Penn Highlands Healthcare Offers “Eat, Sleep and Console” for Substance-Exposed Newborns

Eat, Sleep and Console at Penn Highlands

Substance use disorder affects thousands of people in Pennsylvania including some of our tiniest residents — newborns. Traditionally, babies who were exposed to substances in utero have been assessed at birth by the Finnegan Neonatal Abstinence Scoring System to evaluate their withdrawal symptoms. Most often, their symptoms were treated with medication. Now, Penn Highlands Healthcare is among a growing number of health systems offering “Eat, Sleep and Console” (ESC). This new model of care is part of the health system’s New Approach to Success Program that focuses on the health and wellness of a mother with substance use disorder throughout her pregnancy one year after delivery. “Eat, Sleep and Console” is the result of evidence-based research which focuses on providing comforting care without medication.

“’Eat, Sleep and Console’ is a safe and effective way to provide withdrawal care to newborns who were exposed to substances in utero,” said Suzanne J. McCullough, BSN, RN-NIC, Director of the Neonatal ICU at Penn Highlands DuBois. “This program is having a positive impact on the babies because it significantly reduces the number of newborns who need medication for their withdrawal symptoms, provides a great bonding opportunity for the babies and their parents and enables the infants to go home sooner.”

According to Mrs. McCullough, “Eat, Sleep and Console” was introduced in the maternity units and Neonatal Intensive Care Unit at Penn Highlands DuBois and Penn Highlands Elk in January 2023 and since then only three babies who were exposed to substances in utero required medication for their symptoms. “Eat, Sleep and Console” is a four- to seven-day program with most newborns being discharged within four to five days. While the baby is in the program, the Penn Highlands Maternal Child health team will observe the infant’s feeding — is the baby eating an adequate amount for growth and development? The team will also monitor the baby’s sleeping — is the infant sleeping at least one hour without waking? They also will assess if the baby can be consoled within 10 minutes. Babies who require medication in addition to the comfort care may require a longer hospital stay.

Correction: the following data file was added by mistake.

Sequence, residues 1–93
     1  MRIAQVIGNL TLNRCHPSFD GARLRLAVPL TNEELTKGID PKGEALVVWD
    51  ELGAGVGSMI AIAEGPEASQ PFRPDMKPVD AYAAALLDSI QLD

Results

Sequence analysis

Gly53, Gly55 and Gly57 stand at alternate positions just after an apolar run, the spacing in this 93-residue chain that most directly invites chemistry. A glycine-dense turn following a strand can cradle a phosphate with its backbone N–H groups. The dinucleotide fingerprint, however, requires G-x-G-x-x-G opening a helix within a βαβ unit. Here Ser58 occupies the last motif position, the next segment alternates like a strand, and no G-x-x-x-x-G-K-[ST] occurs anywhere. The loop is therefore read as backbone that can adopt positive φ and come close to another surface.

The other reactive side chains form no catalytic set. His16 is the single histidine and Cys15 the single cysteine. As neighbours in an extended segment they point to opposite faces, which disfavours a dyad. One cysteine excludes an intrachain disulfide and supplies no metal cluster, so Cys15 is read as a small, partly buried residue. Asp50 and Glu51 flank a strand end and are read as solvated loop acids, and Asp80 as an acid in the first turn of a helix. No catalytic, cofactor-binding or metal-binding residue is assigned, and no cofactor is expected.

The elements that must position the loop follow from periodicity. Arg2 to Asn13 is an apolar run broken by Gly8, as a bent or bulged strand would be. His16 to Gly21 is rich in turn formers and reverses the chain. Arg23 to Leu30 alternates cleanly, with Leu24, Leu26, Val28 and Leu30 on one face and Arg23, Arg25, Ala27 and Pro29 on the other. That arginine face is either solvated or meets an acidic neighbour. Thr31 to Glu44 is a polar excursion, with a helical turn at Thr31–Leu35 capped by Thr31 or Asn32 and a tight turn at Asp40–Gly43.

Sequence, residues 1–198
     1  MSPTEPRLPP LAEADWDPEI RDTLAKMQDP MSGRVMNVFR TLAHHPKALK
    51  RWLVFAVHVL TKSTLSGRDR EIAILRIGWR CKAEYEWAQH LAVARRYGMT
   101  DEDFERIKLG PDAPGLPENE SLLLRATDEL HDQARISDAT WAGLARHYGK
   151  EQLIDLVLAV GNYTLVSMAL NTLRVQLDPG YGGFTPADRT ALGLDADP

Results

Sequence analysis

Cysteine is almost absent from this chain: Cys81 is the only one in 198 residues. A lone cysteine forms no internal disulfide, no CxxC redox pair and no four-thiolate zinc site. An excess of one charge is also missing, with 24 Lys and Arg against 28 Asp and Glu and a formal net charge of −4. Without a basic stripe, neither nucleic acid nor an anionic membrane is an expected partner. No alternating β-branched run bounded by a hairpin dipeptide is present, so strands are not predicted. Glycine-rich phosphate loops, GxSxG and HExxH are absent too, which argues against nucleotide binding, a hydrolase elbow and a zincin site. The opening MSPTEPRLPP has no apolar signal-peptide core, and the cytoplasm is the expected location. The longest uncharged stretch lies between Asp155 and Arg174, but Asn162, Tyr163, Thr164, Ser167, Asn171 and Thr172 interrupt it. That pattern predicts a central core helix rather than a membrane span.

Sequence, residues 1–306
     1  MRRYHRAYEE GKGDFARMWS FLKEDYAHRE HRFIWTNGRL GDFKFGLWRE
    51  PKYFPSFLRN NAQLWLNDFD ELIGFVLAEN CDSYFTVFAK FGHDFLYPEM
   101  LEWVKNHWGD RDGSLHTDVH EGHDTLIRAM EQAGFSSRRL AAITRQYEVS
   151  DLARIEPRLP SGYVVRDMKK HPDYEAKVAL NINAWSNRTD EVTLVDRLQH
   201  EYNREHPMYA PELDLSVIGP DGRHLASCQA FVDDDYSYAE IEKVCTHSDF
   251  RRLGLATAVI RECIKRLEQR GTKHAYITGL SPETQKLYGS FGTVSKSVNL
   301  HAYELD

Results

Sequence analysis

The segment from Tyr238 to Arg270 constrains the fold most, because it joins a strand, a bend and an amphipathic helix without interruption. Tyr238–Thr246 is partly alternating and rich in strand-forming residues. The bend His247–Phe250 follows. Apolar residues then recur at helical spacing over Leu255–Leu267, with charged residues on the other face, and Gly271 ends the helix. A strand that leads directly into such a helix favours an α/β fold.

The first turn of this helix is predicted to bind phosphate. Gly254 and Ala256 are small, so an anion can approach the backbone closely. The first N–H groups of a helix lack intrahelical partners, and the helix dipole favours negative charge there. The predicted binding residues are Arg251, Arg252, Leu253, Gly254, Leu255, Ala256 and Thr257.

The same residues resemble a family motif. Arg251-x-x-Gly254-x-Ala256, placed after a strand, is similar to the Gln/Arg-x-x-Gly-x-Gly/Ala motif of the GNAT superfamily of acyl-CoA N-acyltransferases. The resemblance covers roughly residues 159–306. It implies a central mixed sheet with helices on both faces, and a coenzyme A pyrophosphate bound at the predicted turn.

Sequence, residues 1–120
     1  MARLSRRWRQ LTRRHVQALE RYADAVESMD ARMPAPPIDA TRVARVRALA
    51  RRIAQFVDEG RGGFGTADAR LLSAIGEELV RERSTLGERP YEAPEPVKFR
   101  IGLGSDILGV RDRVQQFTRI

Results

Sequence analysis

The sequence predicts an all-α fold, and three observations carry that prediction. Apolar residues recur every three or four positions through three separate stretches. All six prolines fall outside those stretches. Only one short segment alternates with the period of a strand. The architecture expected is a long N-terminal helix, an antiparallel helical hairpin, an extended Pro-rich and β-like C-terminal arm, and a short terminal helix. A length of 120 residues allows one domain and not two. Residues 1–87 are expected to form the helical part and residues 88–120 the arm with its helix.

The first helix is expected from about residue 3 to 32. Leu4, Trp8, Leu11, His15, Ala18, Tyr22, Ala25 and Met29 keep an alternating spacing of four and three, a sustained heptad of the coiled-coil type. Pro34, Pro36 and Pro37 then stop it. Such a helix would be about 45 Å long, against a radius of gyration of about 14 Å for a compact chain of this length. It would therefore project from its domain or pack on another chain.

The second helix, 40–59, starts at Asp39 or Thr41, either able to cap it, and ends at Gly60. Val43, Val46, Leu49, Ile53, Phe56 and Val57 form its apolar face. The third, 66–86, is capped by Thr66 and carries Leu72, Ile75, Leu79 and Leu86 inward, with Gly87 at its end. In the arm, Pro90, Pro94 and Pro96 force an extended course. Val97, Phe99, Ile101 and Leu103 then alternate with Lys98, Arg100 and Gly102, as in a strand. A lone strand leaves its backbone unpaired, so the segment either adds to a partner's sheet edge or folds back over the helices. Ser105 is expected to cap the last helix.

“Eat, Sleep and Console” focuses on calming and soothing techniques that include:

  • Encouraging parents to be with the baby for the four to seven days that they are in the program because the newborns respond best to their parents.
  • Skin-to-skin contact between the babies and their parents. The baby’s bare chest is pressed against its parents’ bare chests to help calm the infant, as well as promote sleep self-regulation and ultimately parent-child bonding.
  • Creating an atmosphere with dim lighting to avoid overstimulation.
  • Swaddling the infants to help them feel safe and calm and protect them from startling easily.
  • Holding and rocking the babies because the holding makes them feel secure and the rocking motion has a soothing affect.

During Mrs. McCullough’s nursing career, which has spanned some 35 years, she has witnessed many positive changes in care including the introduction of “Eat, Sleep and Console.”

“We have had parents whose babies received care in our maternity units and Neonatal Intensive Care Unit using the Finnegan Neonatal Abstinence Scoring System and then had other babies go through our ‘Eat, Sleep and Console’ program tell us that they find the new program more satisfying because it caused them less distress. Some said that it was comforting to know that their babies did not have to go through withdrawal by substituting one medication for another. Plus, most parents were able to take their infants home sooner with the new program.”

In addition to “Eat, Sleep and Console,” Penn Highlands Healthcare employs a Substance Use Disorder (SUD) Care Coordinator to assist pregnant women and their newborns with substance use disorder. Shannon Gill, RN, is the Care Coordinator who provides a continuum of care to the mother and baby from pregnancy to postpartum. She follows the moms-to-be throughout their pregnancies and provides information and education to help them transition from pregnancy to postpartum successfully. In addition, she provides follow-up care with the mothers and babies up to a year postpartum via emails, texts, video chats and home visits.

“The New Approach to Success Program with ‘Eat, Sleep and Console,’ is a little gem in our region,” added Mrs. McCullough.